…not to mention the even more famous geography professors who won the 1970 world cup for Italy in Mexico City, bowled out Don Bradman for 253 at the Oval Test in 1948, and came first in the synchronized swimming event during the 1321 Olympic Games. MJ, 27 December 2006

Another gem from the pen of el zalamero, in a review of ‘Struggles over Geography’ (sic) by Michael Watts: “Michael Watts’ ability to make connections – across the local and global, between historical events, and among the theories and arguments of a daunting range of intellectuals and activists – will be well known to most readers…… he argues convincingly that coercive regimes have persisted in the twentieth century, accompanied by an upsurge of different types of violence on a world scale… Watts outlines the prospects for boosting ‘human capability’ - broadly, this means the satisfaction of human needs but with freedom of human agency, enhanced political participation and political accountability...If poverty is a result of ‘capability failure’ and a lack of entitlements, the solution is not only to respond by meeting society’s material needs, but also by developing ‘critical autonomy’ and a strong ‘sense of society’ to enhance freedoms… This is an essential book for collectors of Watts work, and another (daunting) exploration of his ecumenical excavations into cross-cutting ideas and literatures… Watts shows that morality lies with certain social movements and elements of the rural peasantry, rather than with corrupt and repressive elites, politicians and business interests. This is a clear signal to the shapers of future development policy.” This is so profound, soooooo profound, I’m left gasping for breath. How did we not know this already? Until Watts told us, nobody - but nobody - had an inkling of a solution along these lines... Kip le Jongleur, 29 Dec 2006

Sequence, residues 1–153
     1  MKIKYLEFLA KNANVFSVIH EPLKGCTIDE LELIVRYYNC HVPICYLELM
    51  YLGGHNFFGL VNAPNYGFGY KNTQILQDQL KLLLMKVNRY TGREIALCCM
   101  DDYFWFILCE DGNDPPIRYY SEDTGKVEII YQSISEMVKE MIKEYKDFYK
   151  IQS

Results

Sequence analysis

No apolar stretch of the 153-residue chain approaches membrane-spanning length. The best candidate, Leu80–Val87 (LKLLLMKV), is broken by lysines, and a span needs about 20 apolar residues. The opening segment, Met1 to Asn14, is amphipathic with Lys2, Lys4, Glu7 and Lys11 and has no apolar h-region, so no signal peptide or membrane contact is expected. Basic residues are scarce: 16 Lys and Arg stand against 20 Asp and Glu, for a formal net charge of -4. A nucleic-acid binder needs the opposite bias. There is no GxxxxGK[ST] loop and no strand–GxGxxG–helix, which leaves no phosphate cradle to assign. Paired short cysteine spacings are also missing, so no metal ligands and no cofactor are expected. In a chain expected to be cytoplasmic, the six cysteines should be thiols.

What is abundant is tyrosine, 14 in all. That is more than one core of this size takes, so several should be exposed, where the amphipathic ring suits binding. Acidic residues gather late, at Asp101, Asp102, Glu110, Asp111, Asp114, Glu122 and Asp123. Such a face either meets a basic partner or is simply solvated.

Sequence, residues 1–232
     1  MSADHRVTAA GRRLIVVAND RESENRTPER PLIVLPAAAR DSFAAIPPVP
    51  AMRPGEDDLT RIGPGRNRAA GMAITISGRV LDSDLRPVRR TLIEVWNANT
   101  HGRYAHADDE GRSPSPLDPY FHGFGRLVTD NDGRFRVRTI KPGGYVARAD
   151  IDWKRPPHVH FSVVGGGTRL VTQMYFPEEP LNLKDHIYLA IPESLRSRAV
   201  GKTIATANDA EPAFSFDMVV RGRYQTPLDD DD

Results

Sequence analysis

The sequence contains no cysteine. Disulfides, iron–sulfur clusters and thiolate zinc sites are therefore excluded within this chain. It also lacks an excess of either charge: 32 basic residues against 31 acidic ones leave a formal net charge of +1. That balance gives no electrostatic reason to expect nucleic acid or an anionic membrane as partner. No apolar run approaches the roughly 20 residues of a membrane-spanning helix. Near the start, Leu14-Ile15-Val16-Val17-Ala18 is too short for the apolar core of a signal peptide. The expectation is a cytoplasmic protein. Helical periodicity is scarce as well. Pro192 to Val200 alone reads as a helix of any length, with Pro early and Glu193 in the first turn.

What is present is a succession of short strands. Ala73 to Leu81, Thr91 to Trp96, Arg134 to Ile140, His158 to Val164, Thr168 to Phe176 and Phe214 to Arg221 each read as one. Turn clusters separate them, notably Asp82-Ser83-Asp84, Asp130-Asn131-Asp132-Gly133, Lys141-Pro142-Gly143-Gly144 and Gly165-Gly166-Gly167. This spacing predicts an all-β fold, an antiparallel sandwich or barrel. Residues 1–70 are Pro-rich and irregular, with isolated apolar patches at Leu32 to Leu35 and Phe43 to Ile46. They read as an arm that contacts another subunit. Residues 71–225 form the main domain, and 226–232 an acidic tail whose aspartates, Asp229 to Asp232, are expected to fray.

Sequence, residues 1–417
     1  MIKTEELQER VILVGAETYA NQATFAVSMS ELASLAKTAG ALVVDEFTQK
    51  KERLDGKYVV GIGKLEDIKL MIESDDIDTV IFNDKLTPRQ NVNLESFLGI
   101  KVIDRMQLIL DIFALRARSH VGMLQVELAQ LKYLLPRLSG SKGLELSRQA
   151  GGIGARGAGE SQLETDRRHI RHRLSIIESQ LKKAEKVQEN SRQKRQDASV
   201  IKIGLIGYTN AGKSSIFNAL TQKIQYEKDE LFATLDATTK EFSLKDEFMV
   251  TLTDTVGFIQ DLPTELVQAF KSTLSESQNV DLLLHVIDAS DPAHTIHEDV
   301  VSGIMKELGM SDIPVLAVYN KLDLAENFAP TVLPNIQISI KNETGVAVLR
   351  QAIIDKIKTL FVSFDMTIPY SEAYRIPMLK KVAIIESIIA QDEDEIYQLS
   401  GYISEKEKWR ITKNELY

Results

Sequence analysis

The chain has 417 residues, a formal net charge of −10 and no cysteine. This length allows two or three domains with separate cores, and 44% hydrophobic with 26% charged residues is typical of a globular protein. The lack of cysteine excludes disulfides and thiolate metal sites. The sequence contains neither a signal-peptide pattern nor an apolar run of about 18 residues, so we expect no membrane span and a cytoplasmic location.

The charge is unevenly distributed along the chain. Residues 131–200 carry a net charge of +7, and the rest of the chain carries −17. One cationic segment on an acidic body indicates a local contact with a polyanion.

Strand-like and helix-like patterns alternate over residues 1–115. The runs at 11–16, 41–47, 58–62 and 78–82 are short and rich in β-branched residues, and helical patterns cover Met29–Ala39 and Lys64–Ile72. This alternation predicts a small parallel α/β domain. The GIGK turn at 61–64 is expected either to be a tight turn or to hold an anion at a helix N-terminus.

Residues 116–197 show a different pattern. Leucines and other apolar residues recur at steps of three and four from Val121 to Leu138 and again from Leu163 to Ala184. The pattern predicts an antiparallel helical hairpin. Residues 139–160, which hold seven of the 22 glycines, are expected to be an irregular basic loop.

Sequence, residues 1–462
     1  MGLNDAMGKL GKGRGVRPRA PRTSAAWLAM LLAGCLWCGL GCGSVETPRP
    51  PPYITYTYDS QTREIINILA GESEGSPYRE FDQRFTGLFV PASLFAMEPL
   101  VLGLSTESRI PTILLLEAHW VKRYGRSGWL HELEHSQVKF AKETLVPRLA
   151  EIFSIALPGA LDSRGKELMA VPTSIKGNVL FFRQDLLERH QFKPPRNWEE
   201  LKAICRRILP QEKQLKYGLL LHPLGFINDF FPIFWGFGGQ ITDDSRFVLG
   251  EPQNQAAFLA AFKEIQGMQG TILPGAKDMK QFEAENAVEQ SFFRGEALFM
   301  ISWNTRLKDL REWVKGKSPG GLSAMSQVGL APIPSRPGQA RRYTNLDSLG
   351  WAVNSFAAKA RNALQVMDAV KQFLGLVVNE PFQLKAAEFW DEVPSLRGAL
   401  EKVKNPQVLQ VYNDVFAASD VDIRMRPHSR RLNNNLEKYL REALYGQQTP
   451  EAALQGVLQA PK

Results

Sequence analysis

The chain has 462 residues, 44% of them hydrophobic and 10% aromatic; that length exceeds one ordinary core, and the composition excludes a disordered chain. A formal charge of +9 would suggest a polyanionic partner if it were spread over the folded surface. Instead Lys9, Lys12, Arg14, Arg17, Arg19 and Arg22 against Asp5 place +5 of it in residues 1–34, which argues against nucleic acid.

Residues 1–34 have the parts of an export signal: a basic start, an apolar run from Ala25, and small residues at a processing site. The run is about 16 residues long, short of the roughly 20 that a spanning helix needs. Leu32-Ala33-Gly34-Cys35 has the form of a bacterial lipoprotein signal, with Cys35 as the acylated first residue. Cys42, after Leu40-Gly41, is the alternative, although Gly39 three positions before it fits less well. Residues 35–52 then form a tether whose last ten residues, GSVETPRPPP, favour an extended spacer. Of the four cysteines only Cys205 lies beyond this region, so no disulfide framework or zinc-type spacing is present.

The Critique of Community[edit]

Is the Michael J. Watts who in 2007 is critical of the concept ‘community’ – ‘The sinister political life of community’, in G. Creed, The Romance of Community, SAR Press – the same Michael J. Watts who in 1983 (Silent Violence) was extolling the virtues of self-same pre- or non-capitalist ‘community’? Surely not. Then again, probably yes. Oh dear, oh dear, oh dear…. 04.01.07